To many, home ownership is a vital component of the American Dream. However, many first-time home buyers fail to consider the many responsibilities that coma along with owning a home. If their refrigerator fails to properly cool food and drink, they must spend time and effort fixing it themselves, or pay an appliances expert for repairs. Busted plumbing requires immediate fixes, or else showers, sinks, and hoses won’t spew running water. Homeowners are forced to eradicate unwanted insect populations themselves, hiring pest control or manually squashing bugs, one-by-one. All of these taxing responsibilities, among many others, encourage many Americans to rent, comprising 35% of American households.
Insufficient housing in a majority of metropolitan areas
Constructing homes, apartment complexes, and condominiums is increasingly becoming unaffordable for many property development companies and investors. Apartment List statistics indicates that only 20% of the 50 most populous metropolitan areas in the United States provide sufficient housing to keep up with occupational growth. Although many people are acclimated to driving lengthy distances in commuting to work, it seems reasonable that most of them would prefer to relocate near their employers. However, because there isn’t ample housing being constructed in most metros, fewer people are able to find affordable housing close to their workplaces, likely resulting in increased traffic around those metropolitan areas. In turn, this typically decreases employee satisfaction, potentially causing some to find new employment opportunities closer to home. Further, it’s reasonable to assume employers might fork over higher wages and salaries to retain dissatisfied employees, potentially resulting in higher product and service cost from those organizations.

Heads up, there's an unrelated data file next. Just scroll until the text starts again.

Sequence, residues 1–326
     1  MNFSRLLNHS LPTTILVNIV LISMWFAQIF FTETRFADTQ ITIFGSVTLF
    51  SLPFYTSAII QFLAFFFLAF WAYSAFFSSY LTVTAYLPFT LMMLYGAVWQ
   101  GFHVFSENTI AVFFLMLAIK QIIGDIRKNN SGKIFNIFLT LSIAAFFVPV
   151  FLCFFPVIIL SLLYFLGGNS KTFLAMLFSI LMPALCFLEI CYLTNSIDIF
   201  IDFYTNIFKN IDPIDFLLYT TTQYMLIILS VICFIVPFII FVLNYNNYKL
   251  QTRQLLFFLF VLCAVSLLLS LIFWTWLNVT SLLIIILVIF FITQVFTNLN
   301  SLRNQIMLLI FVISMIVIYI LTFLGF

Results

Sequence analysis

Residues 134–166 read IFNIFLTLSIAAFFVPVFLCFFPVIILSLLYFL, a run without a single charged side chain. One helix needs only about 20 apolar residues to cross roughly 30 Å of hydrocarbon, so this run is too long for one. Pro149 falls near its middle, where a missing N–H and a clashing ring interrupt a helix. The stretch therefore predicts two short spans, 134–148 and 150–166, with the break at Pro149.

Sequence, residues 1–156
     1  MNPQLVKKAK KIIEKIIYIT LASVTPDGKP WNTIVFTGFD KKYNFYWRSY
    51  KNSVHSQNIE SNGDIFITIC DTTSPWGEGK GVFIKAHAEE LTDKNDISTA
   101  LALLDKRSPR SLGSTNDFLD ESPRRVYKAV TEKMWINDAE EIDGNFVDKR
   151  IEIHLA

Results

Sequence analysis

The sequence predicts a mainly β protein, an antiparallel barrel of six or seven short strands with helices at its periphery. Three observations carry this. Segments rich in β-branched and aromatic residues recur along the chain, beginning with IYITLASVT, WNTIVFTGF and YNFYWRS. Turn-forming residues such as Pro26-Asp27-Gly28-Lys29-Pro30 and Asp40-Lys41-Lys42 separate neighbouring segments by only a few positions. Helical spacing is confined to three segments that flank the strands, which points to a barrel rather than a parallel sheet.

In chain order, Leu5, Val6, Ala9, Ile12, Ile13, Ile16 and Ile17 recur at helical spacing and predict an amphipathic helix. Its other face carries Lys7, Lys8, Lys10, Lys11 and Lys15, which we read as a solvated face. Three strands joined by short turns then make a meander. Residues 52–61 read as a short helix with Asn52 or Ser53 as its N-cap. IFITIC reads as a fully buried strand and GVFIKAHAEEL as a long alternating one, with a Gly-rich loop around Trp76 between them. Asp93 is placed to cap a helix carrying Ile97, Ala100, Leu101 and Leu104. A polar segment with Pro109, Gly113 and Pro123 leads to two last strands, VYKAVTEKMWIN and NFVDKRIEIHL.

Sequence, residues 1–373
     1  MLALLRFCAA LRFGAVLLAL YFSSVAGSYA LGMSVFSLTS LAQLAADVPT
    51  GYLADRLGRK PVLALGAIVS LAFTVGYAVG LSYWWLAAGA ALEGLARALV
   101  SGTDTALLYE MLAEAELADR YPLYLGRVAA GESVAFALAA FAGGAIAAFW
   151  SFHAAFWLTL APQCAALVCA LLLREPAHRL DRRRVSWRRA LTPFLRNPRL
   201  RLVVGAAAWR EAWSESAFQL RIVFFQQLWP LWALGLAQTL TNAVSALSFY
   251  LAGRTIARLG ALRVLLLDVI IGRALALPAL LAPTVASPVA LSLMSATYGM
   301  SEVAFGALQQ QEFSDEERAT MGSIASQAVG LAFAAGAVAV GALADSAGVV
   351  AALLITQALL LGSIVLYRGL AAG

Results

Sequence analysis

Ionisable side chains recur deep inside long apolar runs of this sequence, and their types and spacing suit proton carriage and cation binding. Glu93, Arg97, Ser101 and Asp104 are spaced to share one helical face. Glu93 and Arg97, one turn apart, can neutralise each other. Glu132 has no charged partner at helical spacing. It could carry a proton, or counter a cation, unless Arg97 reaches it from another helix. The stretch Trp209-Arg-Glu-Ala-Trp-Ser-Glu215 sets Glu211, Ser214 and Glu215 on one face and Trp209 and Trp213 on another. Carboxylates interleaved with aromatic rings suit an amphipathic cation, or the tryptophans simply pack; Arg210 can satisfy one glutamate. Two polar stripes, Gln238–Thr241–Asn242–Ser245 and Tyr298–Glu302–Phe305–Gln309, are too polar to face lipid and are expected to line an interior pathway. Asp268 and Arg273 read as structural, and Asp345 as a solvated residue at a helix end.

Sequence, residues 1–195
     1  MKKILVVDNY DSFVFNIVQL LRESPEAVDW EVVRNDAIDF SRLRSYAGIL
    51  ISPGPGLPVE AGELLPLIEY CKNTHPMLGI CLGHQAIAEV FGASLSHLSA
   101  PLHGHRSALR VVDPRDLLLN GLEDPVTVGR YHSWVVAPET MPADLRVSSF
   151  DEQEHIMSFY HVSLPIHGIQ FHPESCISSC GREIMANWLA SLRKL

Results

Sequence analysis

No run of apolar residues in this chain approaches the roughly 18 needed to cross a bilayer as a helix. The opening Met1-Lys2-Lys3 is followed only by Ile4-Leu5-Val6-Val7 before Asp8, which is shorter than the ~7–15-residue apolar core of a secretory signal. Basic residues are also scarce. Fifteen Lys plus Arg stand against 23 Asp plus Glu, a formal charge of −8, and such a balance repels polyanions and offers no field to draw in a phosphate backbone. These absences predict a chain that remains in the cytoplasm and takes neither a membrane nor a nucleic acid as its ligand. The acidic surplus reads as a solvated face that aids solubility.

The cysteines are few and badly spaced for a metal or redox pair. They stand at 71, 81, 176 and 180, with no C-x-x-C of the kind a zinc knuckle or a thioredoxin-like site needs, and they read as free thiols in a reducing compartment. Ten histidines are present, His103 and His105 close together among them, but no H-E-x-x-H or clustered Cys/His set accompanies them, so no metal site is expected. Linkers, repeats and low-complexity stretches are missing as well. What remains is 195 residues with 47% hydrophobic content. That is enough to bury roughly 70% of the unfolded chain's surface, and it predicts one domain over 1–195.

Homes with 3 bedrooms are most valuable in the nation’s capital
One would think that as the number of bedrooms in a rental property increases, so does rent. However, in Washington, D.C., living spaces with 3 bedrooms are outright cheaper than 2 bedrooms, by an average of roughly $100. Demand for housing with 3 or more bedrooms may increase because of its generally lower price, making it difficult on large families to find sufficient houston.
Small houses’ monthly rents are rising
The University of California at Santa Cruz researches rent prices in the area surrounding Santa Cruz, categorized by the capacity of living spaces (e.g. 1 bedroom apartment, 2 bedroom apartment, etc.). Houses ranging from 1 to 2 bedrooms have increased in price more than any other types of living spaces over the past five years. 1 bedroom houses cost an average of $1,216 in 2010-2011, compared to $1,719 in 2015-2016. Such an increases is calculated at a whopping 41% increase. 2 bedroom houses rose from $1,802 to $2,592 over the past five years, an rise of 43.8%. These rises may cause a disproportionate amount of individuals or couples to live in houses with more bedrooms, potentially resulting in larger families who require larger living spaces having to fork over more than what they can afford.
Millennials unsurprisingly rent more than other age groups
Younger people obviously have less money, on average, than their older counterparts. This holds true because they almost always have shorter work experience, fewer degrees, and less value to employers, resulting in lower income. The 15-34 age group makes up 40.6% of renters in the United States. Although only a small sliver of Americans are disabled, typically earning less money than their younger counterparts, stats of millennials’ preference of renting could jack up housing prices for older, physically-unfit people.